By Aaron Blake - 05/30/07 06:51 PM EDT
Two campaign ads feature New Mexico’s Richardson (D), a presidential candidate, in a job interview. In one, the interviewer sums up Richardson’s many experiences in public service, including his roles as governor, energy secretary and congressman, and then as a punchline asks him why he’s qualified to be president. In the second one, the interviewer suggests the governor might be overqualified.
GOPers rated Richardson’s offerings far above average across the board, giving them a 7.2 for their appeal and a 7.6 for their memorability. Respondents are asked to rate the ads in six categories from zero to 10.
Democrats and independents rated the ads even higher, including several marks above 8.0, making them among the best-reviewed ads in the history of the bi-weekly survey.
The ads also scored well among members of the news media, typically the most critical group in the survey, and consultants. Both groups gave the spot marks around 9.0.
The Richardson ads are the kind “that could change a campaign,” Chris Wilson, chief executive of Wilson Research Strategies, said. Wilson cited several other memorable ads from campaigns past, including Sen. Mitch McConnellMitch McConnellProgressive group changes tone on Kaine Trump hits Kaine on TPP: He supports a 'job killer' Clinton maps out first 100 days MORE’s (R-Ky.) famous 1984 ad in which bloodhounds went searching for his incumbent opponent after he missed many Senate votes.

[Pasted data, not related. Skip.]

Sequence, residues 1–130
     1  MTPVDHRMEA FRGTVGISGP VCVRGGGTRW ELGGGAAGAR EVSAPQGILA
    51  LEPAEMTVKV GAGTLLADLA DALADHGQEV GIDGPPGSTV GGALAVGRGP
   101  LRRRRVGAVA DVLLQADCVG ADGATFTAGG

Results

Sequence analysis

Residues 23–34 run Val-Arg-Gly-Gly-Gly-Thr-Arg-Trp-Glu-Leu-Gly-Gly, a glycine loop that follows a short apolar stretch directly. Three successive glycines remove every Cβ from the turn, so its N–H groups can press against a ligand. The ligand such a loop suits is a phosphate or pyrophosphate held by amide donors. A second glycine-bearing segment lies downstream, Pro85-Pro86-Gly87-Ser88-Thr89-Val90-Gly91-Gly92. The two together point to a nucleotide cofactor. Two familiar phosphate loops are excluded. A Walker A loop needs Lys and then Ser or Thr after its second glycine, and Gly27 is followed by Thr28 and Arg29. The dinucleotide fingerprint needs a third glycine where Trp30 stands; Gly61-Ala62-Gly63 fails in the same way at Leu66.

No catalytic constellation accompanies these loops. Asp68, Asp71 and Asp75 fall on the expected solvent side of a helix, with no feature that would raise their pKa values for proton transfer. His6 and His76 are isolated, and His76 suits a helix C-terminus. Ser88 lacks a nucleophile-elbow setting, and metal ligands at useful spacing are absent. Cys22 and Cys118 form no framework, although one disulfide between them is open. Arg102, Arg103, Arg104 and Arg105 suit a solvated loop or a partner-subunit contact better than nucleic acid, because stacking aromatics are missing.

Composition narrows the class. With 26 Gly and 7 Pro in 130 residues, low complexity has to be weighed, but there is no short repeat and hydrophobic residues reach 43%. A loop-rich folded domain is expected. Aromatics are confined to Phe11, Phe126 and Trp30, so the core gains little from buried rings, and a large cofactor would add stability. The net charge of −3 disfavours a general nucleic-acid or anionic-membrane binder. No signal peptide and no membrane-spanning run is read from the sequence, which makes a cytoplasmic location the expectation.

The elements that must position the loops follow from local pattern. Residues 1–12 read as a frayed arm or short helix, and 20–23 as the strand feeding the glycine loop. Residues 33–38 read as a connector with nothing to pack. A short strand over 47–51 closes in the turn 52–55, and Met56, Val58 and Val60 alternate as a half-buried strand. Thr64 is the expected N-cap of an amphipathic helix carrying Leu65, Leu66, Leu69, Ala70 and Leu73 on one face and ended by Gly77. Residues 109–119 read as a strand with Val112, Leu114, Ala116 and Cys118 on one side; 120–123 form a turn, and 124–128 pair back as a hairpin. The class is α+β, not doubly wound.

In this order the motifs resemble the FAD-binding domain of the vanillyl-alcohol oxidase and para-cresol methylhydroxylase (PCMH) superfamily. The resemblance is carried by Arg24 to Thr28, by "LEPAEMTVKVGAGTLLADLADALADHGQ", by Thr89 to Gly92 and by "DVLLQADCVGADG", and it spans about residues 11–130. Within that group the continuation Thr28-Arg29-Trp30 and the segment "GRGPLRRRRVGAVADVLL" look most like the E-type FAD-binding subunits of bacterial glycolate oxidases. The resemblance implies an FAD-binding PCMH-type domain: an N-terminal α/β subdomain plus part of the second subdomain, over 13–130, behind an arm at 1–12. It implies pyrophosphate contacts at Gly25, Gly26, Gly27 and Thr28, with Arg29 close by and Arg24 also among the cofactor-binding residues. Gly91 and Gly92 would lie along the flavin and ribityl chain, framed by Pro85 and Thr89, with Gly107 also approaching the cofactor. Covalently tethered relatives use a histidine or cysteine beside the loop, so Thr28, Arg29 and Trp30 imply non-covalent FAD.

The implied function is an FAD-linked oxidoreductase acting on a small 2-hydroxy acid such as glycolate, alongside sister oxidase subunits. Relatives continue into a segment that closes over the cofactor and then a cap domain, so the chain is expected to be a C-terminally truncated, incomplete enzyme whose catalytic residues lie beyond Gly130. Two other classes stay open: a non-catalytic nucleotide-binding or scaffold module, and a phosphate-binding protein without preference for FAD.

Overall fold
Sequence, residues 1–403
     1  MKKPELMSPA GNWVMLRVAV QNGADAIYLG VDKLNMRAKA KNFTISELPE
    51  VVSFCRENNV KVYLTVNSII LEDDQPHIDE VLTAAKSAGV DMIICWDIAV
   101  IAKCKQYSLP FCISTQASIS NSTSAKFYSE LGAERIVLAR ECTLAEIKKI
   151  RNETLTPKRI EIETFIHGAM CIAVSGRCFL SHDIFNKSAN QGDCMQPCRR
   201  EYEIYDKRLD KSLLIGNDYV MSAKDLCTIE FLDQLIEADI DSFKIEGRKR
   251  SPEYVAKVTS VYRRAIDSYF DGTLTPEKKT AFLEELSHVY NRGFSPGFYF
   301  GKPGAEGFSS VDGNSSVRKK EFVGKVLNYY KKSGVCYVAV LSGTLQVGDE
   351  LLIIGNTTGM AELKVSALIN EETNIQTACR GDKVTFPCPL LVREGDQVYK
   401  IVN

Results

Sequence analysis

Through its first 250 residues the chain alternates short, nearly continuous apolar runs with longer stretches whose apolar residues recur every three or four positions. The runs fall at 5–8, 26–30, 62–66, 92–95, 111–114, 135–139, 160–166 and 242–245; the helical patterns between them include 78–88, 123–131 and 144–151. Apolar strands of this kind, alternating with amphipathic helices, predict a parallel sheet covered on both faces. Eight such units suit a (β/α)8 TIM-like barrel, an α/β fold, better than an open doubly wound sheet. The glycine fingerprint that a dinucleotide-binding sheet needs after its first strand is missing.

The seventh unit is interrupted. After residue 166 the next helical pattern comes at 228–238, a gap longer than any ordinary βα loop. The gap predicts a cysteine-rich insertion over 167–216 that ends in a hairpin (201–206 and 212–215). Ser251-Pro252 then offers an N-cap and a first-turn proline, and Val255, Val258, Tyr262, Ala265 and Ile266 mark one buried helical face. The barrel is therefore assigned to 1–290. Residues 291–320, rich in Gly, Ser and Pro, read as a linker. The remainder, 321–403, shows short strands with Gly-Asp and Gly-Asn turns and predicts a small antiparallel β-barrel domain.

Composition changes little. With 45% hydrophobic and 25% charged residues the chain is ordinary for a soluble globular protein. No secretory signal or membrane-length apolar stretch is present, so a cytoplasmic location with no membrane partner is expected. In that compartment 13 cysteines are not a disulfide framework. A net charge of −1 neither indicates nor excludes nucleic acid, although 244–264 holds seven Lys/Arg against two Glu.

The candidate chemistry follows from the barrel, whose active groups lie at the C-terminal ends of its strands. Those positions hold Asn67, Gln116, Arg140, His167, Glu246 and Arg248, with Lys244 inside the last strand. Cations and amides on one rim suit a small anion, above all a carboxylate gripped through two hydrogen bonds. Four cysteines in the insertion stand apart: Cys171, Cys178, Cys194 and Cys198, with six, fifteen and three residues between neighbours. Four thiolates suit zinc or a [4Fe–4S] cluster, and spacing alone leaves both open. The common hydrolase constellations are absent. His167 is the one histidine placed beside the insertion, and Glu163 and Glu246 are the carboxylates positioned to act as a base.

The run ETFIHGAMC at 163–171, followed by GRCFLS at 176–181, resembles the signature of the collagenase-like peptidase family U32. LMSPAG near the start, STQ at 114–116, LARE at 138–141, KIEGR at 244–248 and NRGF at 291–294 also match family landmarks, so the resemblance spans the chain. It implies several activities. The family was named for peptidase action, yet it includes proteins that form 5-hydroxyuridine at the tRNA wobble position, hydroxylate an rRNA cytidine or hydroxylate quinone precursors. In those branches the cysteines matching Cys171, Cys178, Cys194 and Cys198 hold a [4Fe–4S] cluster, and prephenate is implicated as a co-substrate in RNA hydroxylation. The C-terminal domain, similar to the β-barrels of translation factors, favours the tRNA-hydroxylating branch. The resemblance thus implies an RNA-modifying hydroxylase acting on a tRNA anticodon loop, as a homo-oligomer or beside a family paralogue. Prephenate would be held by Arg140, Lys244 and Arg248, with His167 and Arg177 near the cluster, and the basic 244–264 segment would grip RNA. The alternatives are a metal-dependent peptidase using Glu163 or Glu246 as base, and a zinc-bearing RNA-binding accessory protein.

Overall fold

“Bill Richardson is in a situation where he’s got to define himself quickly,” Wilson said. “This is the kind of ad that Richardson can put in front of his donors to show that he has the ability to run a serious campaign, that he can change the face of this campaign” to include a four-candidate top tier.
Two other ads tested in the survey appear to have hit their targets as well, even if they failed to garner a comparable bipartisan groundswell.
One ad, which was paid for by VoteVets.org, features former Army Maj. Gen. John Batiste criticizing President Bush for failing to listen to the troops. It was well reviewed by Democrats, who gave it two ratings of 8.5 for strength of message and credibility, and got above-average marks from independents too. Republicans were unimpressed.
The other, a Web video by former Sen. Fred Thompson (R-Tenn.), who is weighing a presidential run, responds to a recent request for a debate by liberal documentary filmmaker Michael Moore.
Thompson, holding a cigar, criticizes Moore’s visit to Cuba and suggests he might need to check into a mental institution. Republicans gave it around a 7.0, across the board, but independents and Democrats rated it below average.
Another ad, in which Sen. Chris Dodd (D-Conn.) attempts to establish himself as a leader on getting a withdrawal timetable for the Iraq war, was greeted lukewarmly by Democrats and independents, though slightly above average.
When comparing all the ads, nearly six in 10 Republicans said Richardson’s were the most effective, while 32 percent said Thompson’s was.
Working with The Hill for its Air War feature, Wilson Research Strategies e-mails campaign or issue ads to survey participants who view the ads and rate their effectiveness on several criteria.